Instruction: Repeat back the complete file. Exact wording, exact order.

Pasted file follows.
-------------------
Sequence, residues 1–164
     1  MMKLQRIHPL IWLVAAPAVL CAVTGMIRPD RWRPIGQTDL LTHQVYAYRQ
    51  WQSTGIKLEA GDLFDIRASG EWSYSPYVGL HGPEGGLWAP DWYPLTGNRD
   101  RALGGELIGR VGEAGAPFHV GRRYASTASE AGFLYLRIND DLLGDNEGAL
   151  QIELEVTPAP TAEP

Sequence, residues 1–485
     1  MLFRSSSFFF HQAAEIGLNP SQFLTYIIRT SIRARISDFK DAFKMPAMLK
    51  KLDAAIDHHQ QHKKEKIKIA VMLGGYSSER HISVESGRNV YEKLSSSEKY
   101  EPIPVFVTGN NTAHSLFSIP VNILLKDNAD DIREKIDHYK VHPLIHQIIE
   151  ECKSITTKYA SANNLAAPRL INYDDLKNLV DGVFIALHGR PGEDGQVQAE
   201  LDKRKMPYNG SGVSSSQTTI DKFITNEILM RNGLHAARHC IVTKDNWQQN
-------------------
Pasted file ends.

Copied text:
Sequence, residues 1–164
     1  MMKLQRIHPL IWLVAAPAVL CAVTGMIRPD RWRPIGQTDL LTHQVYAYRQ
    51  WQSTGIKLEA GDLFDIRASG EWSYSPYVGL HGPEGGLWAP DWYPLTGNRD
   101  RALGGELIGR VGEAGAPFHV GRRYASTASE AGFLYLRIND DLLGDNEGAL
   151  QIELEVTPAP TAEP

Sequence, residues 1–485
     1  MLFRSSSFFF HQAAEIGLNP SQFLTYIIRT SIRARISDFK DAFKMPAMLK
    51  KLDAAIDHHQ QHKKEKIKIA VMLGGYSSER HISVESGRNV YEKLSSSEKY
   101  EPIPVFVTGN NTAHSLFSIP VNILLKDNAD DIREKIDHYK VHPLIHQIIE
   151  ECKSITTKYA SANNLAAPRL INYDDLKNLV DGVFIALHGR PGEDGQVQAE
   201  LDKRKMPYNG SGVSSSQTTI DKFITNEILM RNGLHAARHC IVTKDNWQQN